By
July 19, 1982 12:00 PM

by Robert A. Heinlein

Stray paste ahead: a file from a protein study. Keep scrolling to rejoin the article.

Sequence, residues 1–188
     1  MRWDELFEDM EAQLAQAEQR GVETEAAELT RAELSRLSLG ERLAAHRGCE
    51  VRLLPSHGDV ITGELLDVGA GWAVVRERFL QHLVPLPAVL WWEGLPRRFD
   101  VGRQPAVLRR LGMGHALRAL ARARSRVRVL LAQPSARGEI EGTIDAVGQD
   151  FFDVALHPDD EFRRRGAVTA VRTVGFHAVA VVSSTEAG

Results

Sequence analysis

Heinlein, 75, is a founding father of modern science fiction, having written such classics as The Puppet Masters and Stranger in a Strange Land. Just before World War II broke out in 1939, he wrote a story about a war ended by means of an atomic bomb. And his influence has been acknowledged by such younger writers as Ray Bradbury. This novel begins, “As I left the Kenya Beanstalk capsule he was right on my heels. He followed me through the door leading to Customs, Health and Immigration. As the door contracted behind him I killed him.” That pace keeps up for 368 pages as Heinlein tries out a new protagonist—an artificially created woman agent for a kind of world police force in a future of segmented Earth societies. She battles multinational businesses, even a plague, in witty and sexy fashion. Science fiction adventure doesn’t come any better. (Holt, Rinehart and Winston, $14.95)

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